In the beginning, if you aren’t a beginner, it’s slow and annoying to have to go through it all again but as you level up, having to actually type the sentences in, proving you know something, is so much more effective (for me; maybe it is different for you?) than clicking Duolingo boxes. I also found there are a lot of ways to cheat in Duolingo and because my brain got caught up in just moving on, I cheated a lot and didn’t learn much with Duolingo.

DL was poop when it first started in Japanese. It has definitely gotten a TON better since then, but its core is still the same.

LingoDeer also has a companion app with games that can become really challenging, really fast. If you get a lifetime subscription, assuming they still offer it, that app access comes with it. Not sure how it works without lifetime (I did lifetime back in Dec).

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Actually, even if you have a LingoDeer lifetime subscription, you still have to buy the subscription to LingoDeer+ separately. That said, if I recall correctly, I got both of them at like 70% off and so lifetime sub for both apps worked out cheaper than a single year of Duolingo Plus would cost.

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Hmm. I got them both at the same time for lifetime. I wonder if it was a special deal and I “upsized” my lifetime sub? I actually think that’s how it worked. I went for lifetime and they said “for a few dollars more, you can get access to this other cool thing! Why not do it now!”

I don’t regret whatever it cost though as it’s pretty cool and works well. :smiley:

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Ah, yeah, that makes sense - they didn’t offer that when the plus app first came out.

I have used both Duo and LingoDeer (where I have a lifetime sub), but I have to say I’m finding Busuu to be overall better than either one, especially with the ability to have your answers corrected (and correct the answers of others).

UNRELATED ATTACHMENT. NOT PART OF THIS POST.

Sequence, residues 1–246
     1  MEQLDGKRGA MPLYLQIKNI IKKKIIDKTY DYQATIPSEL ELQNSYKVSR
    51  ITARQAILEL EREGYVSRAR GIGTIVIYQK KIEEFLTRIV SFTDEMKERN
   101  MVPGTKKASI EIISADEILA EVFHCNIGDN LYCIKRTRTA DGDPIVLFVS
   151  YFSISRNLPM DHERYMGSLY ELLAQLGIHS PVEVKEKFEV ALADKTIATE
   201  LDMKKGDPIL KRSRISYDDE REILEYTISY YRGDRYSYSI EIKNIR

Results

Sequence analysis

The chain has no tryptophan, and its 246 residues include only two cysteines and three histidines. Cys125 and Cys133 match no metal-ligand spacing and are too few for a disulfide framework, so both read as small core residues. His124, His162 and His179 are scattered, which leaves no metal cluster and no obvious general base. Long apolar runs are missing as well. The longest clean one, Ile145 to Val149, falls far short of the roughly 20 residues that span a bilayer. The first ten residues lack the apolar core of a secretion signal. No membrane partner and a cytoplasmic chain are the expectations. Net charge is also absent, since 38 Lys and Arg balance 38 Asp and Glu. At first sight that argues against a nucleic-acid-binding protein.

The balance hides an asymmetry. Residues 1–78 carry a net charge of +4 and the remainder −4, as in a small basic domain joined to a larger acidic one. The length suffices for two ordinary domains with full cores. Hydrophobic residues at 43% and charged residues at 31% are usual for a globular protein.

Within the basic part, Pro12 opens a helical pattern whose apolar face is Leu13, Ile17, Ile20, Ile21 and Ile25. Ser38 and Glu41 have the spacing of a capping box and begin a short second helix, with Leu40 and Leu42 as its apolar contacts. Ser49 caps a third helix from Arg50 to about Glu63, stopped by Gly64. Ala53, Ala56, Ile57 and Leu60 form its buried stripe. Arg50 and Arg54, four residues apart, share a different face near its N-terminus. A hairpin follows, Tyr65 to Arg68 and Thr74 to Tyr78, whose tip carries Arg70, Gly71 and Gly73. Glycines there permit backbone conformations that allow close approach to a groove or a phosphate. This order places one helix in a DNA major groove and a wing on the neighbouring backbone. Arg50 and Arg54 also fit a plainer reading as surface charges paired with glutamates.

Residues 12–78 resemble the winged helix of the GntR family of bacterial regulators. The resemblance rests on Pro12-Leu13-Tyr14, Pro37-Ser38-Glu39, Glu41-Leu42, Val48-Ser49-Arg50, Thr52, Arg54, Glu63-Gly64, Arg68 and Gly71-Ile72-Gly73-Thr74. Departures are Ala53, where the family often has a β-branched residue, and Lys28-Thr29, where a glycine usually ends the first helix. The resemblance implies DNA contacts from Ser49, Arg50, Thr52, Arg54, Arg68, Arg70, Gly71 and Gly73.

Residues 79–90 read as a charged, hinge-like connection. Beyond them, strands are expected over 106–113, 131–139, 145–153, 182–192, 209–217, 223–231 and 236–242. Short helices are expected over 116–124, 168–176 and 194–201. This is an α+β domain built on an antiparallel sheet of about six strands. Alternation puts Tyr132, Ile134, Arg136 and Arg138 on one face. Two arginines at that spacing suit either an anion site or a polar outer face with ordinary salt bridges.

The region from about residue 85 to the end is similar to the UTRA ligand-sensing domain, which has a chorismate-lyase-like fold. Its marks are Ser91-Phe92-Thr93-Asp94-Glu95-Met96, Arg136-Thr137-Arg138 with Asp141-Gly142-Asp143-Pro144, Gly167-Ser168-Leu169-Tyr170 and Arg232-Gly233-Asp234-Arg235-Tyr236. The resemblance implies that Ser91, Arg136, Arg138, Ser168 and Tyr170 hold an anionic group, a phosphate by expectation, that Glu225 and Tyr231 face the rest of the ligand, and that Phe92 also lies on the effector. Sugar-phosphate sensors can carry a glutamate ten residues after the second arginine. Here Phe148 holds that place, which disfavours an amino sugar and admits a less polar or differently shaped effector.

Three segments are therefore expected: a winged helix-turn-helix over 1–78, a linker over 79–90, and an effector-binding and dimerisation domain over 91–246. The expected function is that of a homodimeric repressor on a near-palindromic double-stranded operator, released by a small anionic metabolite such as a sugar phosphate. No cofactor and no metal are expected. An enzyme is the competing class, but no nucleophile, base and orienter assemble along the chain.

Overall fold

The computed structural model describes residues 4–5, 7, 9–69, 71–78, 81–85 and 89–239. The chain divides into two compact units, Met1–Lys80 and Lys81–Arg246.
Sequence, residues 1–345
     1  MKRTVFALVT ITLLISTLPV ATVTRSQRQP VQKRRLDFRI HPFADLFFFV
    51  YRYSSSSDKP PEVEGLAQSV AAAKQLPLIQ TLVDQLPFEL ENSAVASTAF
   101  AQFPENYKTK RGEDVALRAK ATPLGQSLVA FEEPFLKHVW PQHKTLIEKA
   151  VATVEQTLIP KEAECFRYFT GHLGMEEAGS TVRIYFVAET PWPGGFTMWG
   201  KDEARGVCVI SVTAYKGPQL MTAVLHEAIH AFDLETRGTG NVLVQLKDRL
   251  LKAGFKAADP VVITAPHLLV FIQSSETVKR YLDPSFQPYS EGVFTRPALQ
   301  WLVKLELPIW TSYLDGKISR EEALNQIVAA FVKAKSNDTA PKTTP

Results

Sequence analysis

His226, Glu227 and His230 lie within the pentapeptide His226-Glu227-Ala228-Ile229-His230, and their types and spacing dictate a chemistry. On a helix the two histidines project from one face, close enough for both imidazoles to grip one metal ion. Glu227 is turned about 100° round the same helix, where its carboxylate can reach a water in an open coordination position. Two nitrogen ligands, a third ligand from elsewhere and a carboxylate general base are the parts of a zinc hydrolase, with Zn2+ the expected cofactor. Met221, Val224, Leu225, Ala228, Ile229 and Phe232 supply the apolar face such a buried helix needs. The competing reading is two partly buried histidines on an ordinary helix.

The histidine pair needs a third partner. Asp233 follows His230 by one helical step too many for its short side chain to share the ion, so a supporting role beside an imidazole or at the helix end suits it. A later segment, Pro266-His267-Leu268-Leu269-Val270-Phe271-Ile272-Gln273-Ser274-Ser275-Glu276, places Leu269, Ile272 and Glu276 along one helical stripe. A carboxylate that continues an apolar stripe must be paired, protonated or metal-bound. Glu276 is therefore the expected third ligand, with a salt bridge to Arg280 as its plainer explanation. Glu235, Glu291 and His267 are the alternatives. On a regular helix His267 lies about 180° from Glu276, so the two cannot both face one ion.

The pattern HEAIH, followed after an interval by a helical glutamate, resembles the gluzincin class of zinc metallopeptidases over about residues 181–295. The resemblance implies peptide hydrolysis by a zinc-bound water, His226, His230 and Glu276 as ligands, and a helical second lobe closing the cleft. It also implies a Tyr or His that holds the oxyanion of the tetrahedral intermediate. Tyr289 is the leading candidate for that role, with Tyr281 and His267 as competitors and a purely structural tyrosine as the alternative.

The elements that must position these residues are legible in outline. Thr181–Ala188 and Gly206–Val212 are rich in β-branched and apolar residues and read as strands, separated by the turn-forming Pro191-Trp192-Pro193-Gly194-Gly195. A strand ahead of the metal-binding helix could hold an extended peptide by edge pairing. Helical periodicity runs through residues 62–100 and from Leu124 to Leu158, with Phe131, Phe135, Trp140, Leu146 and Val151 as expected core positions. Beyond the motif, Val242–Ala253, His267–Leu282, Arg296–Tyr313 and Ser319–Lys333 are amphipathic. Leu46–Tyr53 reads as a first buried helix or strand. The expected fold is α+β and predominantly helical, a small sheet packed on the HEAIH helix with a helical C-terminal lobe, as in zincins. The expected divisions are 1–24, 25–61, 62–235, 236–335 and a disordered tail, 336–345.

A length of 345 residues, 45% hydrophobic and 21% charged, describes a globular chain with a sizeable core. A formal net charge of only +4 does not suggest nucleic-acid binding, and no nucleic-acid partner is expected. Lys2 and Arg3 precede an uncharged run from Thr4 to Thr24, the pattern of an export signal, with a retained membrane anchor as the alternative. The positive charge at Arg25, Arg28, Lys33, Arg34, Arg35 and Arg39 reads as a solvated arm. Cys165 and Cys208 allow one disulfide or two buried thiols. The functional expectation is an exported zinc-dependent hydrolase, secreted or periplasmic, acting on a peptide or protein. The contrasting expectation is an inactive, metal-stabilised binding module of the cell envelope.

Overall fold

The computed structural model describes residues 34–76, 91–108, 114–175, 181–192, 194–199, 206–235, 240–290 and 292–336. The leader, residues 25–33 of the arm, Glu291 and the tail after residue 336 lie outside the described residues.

So far the only gripe I have with it is that it’s been calling は the subject particle, but I’m sure it has to get more detailed on that later. Busuu is supposed to be able to take you up to CEFR B2 in Japanese, which is well beyond what Duo or LingoDeer can do.

If you’d like to try it out, they gave me some codes for free 30 day trials: https://app.busuu.com/fWPcxeHzV72BMbVv9

(I’m only up to lesson 34 on the site, I’ve been cramming to get through the material I already know lol.)

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So I read this comment and had tried Busuu, Lingodeer, and Duolingo. For Busuu, I had completed A1 in just 3 days. It is more focused on vocabs but not enough grammar. Past A1, the material provided is too little. Immediately abandon the software. Luckily it was on my trial period.

I like both Lingodeer and Duolingo and use them every day.

I don’t have any idea how you could complete A1 in 3 days. I spent at least 2-3 weeks, even though I already knew all the material, just to get through it all. It still takes time to do the lessons… (unless you spent like 12 hours a day for 3 days).

This right here is why my only purpose for remaining in Duolingo is maintaining my 669-day streak than it is using it to actually use Japanese.

I’m using
Wanikani (Kanji+Vocab) + Bunpro (Grammar + reading) + Todai apps (reading + vocab) +
Youtube (Listening) + Learn Langauge with Netflix extension (Listening + Reading) +
Books&Audio Books (reading + listening) + Italki (Speaking)


Why? The maximum streak achievement is for 365 days. After that, it’s pointless. Once I hit 365 (I think I’m at 280 or something) I’m going to stop using the platform unless I get switched to the new Japanese tree and find it at all useful. I’m a bit OCD about getting all those achievements. :wink: